Despite the availability of effective treatment strategies, including pharmacotherapy, psychotherapy, and combination therapy, the prevalence of anxiety continues to increase, especially in low-income and conflict-ridden countries, Vincent Wing-Hei Wong, a PhD student at The Chinese University of Hong Kong, and colleagues wrote.
Previous studies have shown that lifestyle factors including diet, sleep, and sedentary behavior are involved in the development of anxiety symptoms, but the impact of lifestyle medicine (LM) as a treatment for anxiety has not been well studied, they wrote.
In a meta-analysis published in the, the researchers identified 53 randomized, controlled trials with a total of 18,894 participants. Anxiety symptoms were measured using self-report questionnaires including the Hospital Anxiety and Depression Scale, the Depression Anxiety and Stress Scale, and the General Anxiety Disorder–7. Random-effects models were used to assess the effect of the intervention at immediate post treatment, short-term follow-up (1-3 months post treatment), medium follow-up (4-6 months), and long-term follow-up (7 months or more).
The studies included various combinations of LM intervention involving exercise, stress management, and sleep management. The interventions ranged from 1 month to 4 years, with an average duration of 6.3 months.
Overall, patients randomized to multicomponent LM interventions showed significantly improved symptoms compared to controls immediately after treatment and at short-term follow-up (P < .001 for both).
However, no significant differences were noted between the multicomponent LM intervention and control groups at medium-term follow-up, the researchers said. Only one study included data on long-term effects, so these effects were not evaluated in a meta-analysis, and more research is needed.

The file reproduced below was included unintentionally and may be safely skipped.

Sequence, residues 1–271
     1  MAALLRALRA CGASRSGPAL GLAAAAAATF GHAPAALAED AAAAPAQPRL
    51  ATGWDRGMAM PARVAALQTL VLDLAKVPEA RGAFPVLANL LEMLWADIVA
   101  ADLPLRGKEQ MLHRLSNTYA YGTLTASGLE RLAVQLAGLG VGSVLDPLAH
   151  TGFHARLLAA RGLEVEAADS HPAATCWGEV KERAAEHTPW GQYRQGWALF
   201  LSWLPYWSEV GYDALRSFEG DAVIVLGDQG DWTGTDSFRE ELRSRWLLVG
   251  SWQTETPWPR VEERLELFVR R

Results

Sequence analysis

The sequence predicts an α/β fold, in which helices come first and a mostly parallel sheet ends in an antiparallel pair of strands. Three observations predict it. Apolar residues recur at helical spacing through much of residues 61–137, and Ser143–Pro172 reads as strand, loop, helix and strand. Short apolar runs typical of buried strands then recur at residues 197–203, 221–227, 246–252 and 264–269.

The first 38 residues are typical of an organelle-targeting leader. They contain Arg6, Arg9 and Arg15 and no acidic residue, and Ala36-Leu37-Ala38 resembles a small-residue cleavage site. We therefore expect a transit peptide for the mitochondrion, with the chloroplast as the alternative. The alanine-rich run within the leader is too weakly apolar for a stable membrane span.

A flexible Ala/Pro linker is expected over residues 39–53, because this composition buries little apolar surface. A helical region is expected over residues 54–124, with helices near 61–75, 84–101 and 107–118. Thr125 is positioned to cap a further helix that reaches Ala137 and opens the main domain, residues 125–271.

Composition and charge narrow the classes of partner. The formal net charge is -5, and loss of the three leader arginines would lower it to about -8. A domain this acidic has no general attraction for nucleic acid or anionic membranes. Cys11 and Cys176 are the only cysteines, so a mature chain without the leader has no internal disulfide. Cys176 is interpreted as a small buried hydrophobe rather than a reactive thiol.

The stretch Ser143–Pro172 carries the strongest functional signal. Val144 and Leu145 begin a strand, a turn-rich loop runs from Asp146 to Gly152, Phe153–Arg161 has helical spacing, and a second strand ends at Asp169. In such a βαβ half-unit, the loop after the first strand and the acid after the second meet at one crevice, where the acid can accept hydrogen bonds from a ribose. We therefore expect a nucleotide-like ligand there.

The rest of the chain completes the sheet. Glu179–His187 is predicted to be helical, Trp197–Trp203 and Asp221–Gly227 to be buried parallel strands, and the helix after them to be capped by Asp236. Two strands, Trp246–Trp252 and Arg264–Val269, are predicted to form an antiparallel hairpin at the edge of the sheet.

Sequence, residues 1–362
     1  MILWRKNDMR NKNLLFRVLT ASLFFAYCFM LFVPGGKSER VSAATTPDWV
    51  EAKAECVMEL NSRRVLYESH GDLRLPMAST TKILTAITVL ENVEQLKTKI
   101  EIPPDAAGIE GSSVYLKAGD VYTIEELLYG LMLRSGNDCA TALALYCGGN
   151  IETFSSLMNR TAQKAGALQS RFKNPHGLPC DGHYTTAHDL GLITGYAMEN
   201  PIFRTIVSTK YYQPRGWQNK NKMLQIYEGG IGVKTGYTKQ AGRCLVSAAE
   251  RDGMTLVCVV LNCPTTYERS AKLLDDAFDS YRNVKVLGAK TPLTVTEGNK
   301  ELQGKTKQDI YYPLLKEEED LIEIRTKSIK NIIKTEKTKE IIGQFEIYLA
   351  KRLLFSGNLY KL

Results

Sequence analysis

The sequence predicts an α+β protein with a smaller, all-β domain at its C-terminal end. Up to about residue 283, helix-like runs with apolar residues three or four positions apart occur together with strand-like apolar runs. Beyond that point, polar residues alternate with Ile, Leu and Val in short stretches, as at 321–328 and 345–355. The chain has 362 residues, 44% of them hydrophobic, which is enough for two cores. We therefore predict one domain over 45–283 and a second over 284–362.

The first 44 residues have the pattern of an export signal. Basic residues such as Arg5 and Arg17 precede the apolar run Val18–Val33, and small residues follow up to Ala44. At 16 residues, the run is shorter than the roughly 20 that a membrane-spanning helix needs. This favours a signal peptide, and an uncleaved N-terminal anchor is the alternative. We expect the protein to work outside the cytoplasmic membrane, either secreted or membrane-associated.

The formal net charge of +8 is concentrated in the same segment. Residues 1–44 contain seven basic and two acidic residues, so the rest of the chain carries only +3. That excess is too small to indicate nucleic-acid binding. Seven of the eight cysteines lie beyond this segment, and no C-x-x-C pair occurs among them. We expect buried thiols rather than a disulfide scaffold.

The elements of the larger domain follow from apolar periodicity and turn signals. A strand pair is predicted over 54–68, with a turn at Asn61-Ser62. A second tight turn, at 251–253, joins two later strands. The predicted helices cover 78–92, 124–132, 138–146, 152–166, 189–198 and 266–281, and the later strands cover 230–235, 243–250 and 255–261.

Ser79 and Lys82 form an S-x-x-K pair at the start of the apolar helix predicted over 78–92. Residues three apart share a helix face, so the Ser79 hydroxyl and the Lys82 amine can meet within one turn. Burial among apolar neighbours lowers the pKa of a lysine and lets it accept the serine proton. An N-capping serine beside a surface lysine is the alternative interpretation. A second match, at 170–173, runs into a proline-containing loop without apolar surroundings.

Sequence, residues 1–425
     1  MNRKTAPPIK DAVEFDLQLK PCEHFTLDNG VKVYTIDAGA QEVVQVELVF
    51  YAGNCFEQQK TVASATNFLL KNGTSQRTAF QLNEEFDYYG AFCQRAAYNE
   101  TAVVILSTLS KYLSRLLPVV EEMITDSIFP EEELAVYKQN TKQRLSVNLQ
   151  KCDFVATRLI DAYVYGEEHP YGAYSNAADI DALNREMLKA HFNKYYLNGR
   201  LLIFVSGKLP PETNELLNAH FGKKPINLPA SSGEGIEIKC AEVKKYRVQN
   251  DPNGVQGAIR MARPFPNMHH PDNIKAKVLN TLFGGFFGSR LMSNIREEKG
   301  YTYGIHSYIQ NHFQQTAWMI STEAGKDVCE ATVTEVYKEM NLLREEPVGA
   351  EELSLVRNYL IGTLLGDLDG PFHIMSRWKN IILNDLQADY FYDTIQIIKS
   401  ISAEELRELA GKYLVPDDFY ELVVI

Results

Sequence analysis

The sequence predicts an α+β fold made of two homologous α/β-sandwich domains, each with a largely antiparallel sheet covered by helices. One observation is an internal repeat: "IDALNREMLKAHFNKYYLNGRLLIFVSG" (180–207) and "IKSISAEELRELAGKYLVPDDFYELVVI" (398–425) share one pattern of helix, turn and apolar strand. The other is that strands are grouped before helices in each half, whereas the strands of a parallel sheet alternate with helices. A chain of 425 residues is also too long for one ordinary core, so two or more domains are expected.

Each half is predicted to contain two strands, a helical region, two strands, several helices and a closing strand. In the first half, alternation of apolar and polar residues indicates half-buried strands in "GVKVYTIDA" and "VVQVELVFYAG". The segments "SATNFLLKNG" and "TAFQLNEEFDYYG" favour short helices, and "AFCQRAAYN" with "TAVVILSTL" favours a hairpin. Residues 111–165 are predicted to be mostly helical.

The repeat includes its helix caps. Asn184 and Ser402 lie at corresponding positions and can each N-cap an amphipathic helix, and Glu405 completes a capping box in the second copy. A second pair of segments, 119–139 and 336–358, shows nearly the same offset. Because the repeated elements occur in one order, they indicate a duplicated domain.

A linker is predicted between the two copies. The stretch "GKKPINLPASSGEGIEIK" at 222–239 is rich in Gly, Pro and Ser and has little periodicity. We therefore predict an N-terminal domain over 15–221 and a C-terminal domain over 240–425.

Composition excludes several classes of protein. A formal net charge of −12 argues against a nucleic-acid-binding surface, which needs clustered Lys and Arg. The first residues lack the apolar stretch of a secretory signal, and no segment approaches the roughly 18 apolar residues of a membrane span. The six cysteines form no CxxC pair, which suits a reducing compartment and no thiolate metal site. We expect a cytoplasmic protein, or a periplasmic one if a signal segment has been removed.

In a subgroup analysis, the effect was greatest for individuals with moderate anxiety symptoms at baseline (P < .05). “Our results could perhaps be explained by the occurrence of floor effect; those with higher baseline anxiety symptoms have greater room for improvement relative to those with fewer symptoms,” the researchers wrote.
The study findings were limited by several factors including the risk of overall bias and publication bias for the selected studies, as well as the limited degree of improvement because most patients had minimal anxiety symptoms at baseline, the researchers noted. Other limitations included the small number of studies for subgroup comparisons and the use of self-reports.
However, the results were strengthened by the use of broad search terms to capture multiple lifestyle determinants, and the diverse study populations and backgrounds from individuals in 19 countries.
The results support findings from previous studies, and support the value of multicomponent LM interventions for patients with anxiety in the short-term and immediately after treatment, the researchers emphasized.
“The LM approach, which leverages a range of universal lifestyle measures to manage anxiety and other common mental disorders such as depression, may be a viable solution to address the huge mental health burden through empowering individuals to practice self-management,” they concluded.
However, the researchers acknowledged the need for more randomized, controlled trials targeting patients with higher baseline anxiety levels or anxiety disorders, and using technology to improve treatment adherence.
The study received no outside funding. The researchers had no financial conflicts to disclose.